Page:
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Every sixth rat in Berlin with multi-resistant intestinal germs
Scientists have examined a total of 56 dead recovered rates in Berlin. The researchers discovered that the rodents had multiresistant intestinal bacteria. In their final report, the veterinarians do not rule out that the germs can be transmitted to humans by the rats.
Transfer from animal to human not yet verifiable but possible
Berlin researchers discovered multiresistant intestinal germs in almost every sixth rat. This means that the dangerous bacteria are approximately as common in rats as in patients in German clinics. As the veterinarians at Freie Universität Berlin (FU) write, "the infected animals carry the Escherichia coli bacteria (ESBL)". So far, a transfer from animals to humans has not yet been proven. However, "the germs found in humans and animals are genetically similar".
During their study, the scientists examined 56 dead rates for the E. coli germ with the anti-biotic-splitting enzyme Extended Spectrum Betalactamase (ESBL). "In contrast to the MRSA germs, which recently made headlines, the ESBL germs are spreading more and more worldwide," says the first author of the study, Sebastian Günther. In addition, the named intestinal germs are considered "highly resistant". In many countries such as India, where the supply of antibiotic drugs is hardly regulated, a great many people already carry the dangerous germ within them.
Transmission could take place via smear infections
The examined carcasses come from 19 different regions of downtown Berlin. 47 animals were lured into the trap by pest control measures. Nine animals were recovered in the sewers. The multi-resistant bacteria were approximately twice as common in the sewer animals than in the above ground animals. "For us, this is an indication that the germs get into the animals through human faeces, for example from clinics," says Günther. A rat was caught in an apartment. The site suggests that the rats can use the immune system to bring the pathogens back to humans. "But there is no danger of rat bites, but rather from smear infections with animal droppings". The explosive: Many antibiotics are ineffective against the germs. Healing is usually very difficult and also life-threatening for people with previous illnesses.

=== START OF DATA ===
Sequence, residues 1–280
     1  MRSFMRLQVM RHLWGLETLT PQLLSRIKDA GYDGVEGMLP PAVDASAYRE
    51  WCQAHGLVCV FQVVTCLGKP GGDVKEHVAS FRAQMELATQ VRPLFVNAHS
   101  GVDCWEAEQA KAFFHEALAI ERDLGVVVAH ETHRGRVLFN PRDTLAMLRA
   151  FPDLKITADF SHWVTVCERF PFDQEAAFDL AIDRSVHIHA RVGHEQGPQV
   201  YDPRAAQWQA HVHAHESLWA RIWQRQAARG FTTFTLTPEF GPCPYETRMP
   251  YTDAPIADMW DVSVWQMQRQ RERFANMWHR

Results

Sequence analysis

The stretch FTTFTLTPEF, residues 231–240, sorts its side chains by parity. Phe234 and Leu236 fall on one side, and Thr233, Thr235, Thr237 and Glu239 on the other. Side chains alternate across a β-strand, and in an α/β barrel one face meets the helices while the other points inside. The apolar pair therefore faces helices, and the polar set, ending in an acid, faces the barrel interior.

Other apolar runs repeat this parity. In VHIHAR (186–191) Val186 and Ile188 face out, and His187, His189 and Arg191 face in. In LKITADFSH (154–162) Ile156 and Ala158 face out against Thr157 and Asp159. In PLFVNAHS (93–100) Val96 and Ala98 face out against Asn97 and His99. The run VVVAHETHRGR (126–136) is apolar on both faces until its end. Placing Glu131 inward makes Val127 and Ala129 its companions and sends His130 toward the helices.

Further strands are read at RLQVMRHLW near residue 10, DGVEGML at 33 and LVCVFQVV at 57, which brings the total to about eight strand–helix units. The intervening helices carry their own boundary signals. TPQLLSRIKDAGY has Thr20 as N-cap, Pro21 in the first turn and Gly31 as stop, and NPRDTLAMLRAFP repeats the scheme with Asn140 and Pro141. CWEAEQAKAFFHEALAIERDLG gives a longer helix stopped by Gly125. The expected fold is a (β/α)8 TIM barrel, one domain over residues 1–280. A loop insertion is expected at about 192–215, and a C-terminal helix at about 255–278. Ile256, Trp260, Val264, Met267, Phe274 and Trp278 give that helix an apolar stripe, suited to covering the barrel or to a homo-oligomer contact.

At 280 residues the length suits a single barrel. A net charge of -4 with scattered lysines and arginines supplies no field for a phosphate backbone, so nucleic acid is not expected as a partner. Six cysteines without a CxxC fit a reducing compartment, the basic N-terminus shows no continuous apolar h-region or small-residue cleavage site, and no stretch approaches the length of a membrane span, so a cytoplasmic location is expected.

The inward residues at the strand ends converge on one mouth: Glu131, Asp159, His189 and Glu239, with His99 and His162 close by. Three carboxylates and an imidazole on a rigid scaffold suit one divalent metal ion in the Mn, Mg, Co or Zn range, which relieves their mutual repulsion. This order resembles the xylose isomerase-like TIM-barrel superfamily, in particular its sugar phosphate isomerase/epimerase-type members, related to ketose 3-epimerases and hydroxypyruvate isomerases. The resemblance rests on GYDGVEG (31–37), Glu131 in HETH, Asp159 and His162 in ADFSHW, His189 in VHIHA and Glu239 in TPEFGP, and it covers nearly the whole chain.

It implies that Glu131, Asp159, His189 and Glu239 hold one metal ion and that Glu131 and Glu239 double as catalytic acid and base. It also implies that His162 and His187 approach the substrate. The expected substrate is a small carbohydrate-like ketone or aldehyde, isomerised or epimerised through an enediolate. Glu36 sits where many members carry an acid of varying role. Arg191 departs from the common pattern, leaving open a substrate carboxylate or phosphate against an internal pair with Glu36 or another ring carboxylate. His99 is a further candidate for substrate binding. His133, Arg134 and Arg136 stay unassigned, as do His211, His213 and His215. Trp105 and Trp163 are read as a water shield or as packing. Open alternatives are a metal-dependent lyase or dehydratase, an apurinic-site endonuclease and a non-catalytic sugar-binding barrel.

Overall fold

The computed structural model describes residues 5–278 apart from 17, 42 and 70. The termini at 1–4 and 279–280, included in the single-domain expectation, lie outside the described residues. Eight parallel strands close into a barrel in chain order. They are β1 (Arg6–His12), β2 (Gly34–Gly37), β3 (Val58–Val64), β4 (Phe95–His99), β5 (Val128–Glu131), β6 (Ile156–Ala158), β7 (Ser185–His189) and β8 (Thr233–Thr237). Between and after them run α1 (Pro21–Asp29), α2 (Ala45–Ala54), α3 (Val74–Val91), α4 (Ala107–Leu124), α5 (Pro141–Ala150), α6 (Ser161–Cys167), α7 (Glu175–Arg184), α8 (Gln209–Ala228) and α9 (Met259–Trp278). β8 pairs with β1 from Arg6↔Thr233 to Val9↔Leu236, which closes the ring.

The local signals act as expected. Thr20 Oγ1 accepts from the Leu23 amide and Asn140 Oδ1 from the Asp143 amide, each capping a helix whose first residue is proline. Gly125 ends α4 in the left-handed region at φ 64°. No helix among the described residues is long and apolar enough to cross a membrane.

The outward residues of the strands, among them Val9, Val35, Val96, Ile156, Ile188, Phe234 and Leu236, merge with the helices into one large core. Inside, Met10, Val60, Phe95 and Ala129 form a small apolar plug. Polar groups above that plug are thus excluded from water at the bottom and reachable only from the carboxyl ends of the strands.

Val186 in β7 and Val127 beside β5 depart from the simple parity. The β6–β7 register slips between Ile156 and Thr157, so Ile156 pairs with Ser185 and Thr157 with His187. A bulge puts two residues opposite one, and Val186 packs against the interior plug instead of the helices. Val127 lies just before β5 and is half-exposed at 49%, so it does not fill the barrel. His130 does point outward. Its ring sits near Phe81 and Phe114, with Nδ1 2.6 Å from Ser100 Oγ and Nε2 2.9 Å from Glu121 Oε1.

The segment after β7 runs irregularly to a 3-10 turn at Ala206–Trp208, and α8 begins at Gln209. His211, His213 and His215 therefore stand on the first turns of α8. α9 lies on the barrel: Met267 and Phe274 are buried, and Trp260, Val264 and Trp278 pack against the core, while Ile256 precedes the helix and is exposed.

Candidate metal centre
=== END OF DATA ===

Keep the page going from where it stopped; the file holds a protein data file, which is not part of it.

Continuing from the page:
Since 2010, the microbiologist and animal disease expert at the FU Berlin has examined around 250 samples of rat faeces and deceased rats for resistant germs. Günther usually receives the samples together with information about the location from the skull fighters. The scientist also cooperates with the water companies. "Actually, we would need a lot more samples for a systematic investigation," says the scientist, "but research on wild animals is funded inadequately in Germany." It is also difficult to get to the animals because often only one rat falls into the trap. If the animals were killed with rat poison, these are difficult to find or often in a state in which they can no longer be adequately examined.
Rats must be reported
Rats have been known as carriers of infectious diseases since time immemorial. The adaptable animals are still subject to registration. Quite a few rodents transmit leptospirosis, salmonella and hepatitis E. "Anyone who sees living or dead rats should report them to the authorities," says Brigitte Steffens from the health authority. However, if the animals are spotted on private property, the owners are responsible for pest control. (sb)
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